The government is trillions of dollars in debt and raising taxes is never a very popular option for politicians… but going after taxes that should have been paid, but weren’t? That rarely loses Congress a vote, and so today’s expats are the new white whale of the IRS. Specifically, the U.S. Foreign Account Tax Compliance Act, which requires all businesses to report assets held by Americans, is intended to help the U.S. government collect the billions upon billions of dollars it has lost, and continues to lose, to tax evasion.
The Government Who Knew Too Little
Whether you agree with FATCA or not, it will nevertheless have an impact on your finances, especially if you’re an expatriate living abroad. In fact, many expatriates have been renouncing their American citizenship in order to avoid paying their back taxes, but even this may not save you from the tax man. Successful renunciation of U.S. citizenship is conditional, pending the payment of all back taxes. The government can simply refuse to let you go until you’ve paid your tab, and even after you’ve renounced your citizenship, the IRS can still collect from former citizens who owe significant back taxes. This is an unusual situation for expats to find themselves in. Traditionally, expatriates have had an easy time of avoiding most taxes. Most recently, unless you made more than $95,000 in a year while working and living abroad, you paid no U.S. taxes, only local taxes… and in many countries, that doesn’t amount to much. When you then consider the opportunity to hide your funds and assets away in banks and other financial institutions, it wasn’t difficult to make well over $95,000 abroad and still keep every dime of it. That is no longer the case, as the U.S. government is working to strike at one of the great enablers of U.S. tax evasion: foreign banks. Specifically, foreign institutions must report every asset belonging to its American customers, including savings accounts, pension funds, investments, and more. Unfortunately, the cost of complying with FATCA could be considerable, while failure to comply could result in a 30% tax on U.S.-sourced income for a business.
First World Problems As a result, many foreign banks are releasing or turning away American customers. It is simply too expensive, and too fraught with risk, for some institutions to take on American clients and therefore become subject to FATCA’s strictures and penalties. Consequently, Americans are having difficulty acquiring financial services abroad, from mortgages to insurance policies to pension plans. As the law continues to see implementation and enforcement, Americans are expected to experience even more difficulties with foreign banking institutions. Generally speaking, expats who have previously undeclared assets must have a 27.5% penalty paid on them. If you have some rather hefty assets that you have been neglecting to declare, this can amount to quite a stiff penalty… but it is often better than renouncing citizenship, wherein you must still pay the penalty and then lack the benefits that come with American citizenship. There are some ways around these penalties. Some families set up foreign grantor trusts that allow them to choose one family member who does not have U.S. citizenship to be the settlor. In this arrangement, assets are typically placed in a trust for the family’s children who do have U.S. citizenship. The income from these trusts is not subject to U.S. taxes, but the settlor has the right to withdraw assets from the trust at any time. That takes a considerable amount of trust! (Pardon the terrible pun.)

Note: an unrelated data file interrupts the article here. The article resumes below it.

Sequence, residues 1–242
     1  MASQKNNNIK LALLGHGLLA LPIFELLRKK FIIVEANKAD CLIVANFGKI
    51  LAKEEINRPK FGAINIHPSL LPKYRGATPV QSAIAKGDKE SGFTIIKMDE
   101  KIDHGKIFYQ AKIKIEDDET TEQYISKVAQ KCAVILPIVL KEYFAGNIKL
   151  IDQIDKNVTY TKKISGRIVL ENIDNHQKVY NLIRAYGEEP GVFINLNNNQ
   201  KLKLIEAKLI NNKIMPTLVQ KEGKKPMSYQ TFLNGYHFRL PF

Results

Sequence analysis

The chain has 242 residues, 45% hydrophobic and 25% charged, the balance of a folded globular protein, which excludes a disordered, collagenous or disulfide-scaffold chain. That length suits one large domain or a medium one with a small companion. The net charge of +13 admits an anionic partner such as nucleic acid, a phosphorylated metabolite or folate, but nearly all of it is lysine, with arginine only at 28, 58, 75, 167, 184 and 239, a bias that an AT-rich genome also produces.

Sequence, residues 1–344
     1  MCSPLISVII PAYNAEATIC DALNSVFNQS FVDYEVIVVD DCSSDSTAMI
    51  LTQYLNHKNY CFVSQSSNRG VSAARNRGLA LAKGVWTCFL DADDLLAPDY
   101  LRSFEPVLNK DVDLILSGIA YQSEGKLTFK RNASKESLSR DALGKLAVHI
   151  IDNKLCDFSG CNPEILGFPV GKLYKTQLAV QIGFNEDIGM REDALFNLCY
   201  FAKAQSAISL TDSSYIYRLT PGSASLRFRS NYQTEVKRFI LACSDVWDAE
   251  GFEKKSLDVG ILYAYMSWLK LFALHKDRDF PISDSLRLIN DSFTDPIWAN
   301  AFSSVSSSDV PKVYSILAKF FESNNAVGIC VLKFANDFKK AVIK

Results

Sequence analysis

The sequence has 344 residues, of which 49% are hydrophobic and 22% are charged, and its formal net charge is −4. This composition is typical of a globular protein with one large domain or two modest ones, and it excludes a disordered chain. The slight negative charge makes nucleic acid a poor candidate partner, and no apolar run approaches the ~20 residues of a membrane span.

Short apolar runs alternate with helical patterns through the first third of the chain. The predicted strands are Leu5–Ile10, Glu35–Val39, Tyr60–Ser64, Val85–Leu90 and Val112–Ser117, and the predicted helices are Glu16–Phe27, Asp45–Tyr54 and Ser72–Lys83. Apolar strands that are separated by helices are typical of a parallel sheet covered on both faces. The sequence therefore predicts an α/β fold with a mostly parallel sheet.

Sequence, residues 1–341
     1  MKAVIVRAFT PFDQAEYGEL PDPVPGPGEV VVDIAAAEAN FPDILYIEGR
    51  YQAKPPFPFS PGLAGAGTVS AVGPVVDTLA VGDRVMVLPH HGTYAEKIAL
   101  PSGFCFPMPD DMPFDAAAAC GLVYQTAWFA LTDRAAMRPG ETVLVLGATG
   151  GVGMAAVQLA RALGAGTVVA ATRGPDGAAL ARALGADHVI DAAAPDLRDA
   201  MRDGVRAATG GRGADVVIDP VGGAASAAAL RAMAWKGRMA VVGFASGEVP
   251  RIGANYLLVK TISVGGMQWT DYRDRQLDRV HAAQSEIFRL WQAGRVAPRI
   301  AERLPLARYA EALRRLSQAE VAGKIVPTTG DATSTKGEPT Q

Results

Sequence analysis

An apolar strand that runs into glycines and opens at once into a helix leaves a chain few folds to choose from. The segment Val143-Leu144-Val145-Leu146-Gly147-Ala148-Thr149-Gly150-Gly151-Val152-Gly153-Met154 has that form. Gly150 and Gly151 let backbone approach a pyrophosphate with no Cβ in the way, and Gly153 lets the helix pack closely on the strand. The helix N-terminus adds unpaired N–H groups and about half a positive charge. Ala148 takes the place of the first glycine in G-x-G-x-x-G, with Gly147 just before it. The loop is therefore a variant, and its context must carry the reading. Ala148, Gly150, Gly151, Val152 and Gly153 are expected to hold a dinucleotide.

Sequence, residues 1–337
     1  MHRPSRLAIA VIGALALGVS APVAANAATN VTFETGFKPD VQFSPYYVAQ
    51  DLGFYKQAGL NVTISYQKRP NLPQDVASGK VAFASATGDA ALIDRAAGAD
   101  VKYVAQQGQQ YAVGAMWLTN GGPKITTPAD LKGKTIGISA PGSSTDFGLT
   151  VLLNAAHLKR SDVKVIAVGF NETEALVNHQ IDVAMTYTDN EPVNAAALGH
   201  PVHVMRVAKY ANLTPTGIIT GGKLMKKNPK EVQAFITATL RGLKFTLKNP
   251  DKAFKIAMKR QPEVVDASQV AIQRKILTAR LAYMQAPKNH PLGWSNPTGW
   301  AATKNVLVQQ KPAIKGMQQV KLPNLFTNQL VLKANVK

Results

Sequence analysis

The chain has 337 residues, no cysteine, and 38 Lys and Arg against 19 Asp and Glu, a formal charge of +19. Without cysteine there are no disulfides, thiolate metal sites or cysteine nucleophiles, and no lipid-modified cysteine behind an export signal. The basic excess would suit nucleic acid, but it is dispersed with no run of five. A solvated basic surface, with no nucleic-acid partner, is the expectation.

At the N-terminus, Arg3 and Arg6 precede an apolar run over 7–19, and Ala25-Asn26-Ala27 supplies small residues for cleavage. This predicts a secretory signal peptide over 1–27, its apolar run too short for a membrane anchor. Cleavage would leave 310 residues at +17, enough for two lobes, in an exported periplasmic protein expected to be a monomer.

How I Learned to Stop Worrying and Love the IRS
As American expatriates struggle with FATCA’s new paperwork and weight their options regarding back taxes, assets, and citizenship, it is important to keep in mind the benefits that come with being an American. American taxes are still among the lowest in the world outside of some nations where you probably don’t want to be a citizen anyway. Additionally, the benefits of citizenship – your rights, the protection of the U.S. government – are considerable, and many other nations will simply not afford you the same protections and benefits.
Rather than fret over these new laws, you are best off forming a relationship with an accountant who understands FATCA and other U.S. tax laws related to expatriates. Additionally, there are banking institutions who have departments that specialize in dealing with expatriates, and who will gladly accept business from Americans despite the new laws and regulations. If you are smart about FATCA, you can weather the storm and come out the other end just as financially healthy as before, if not more so.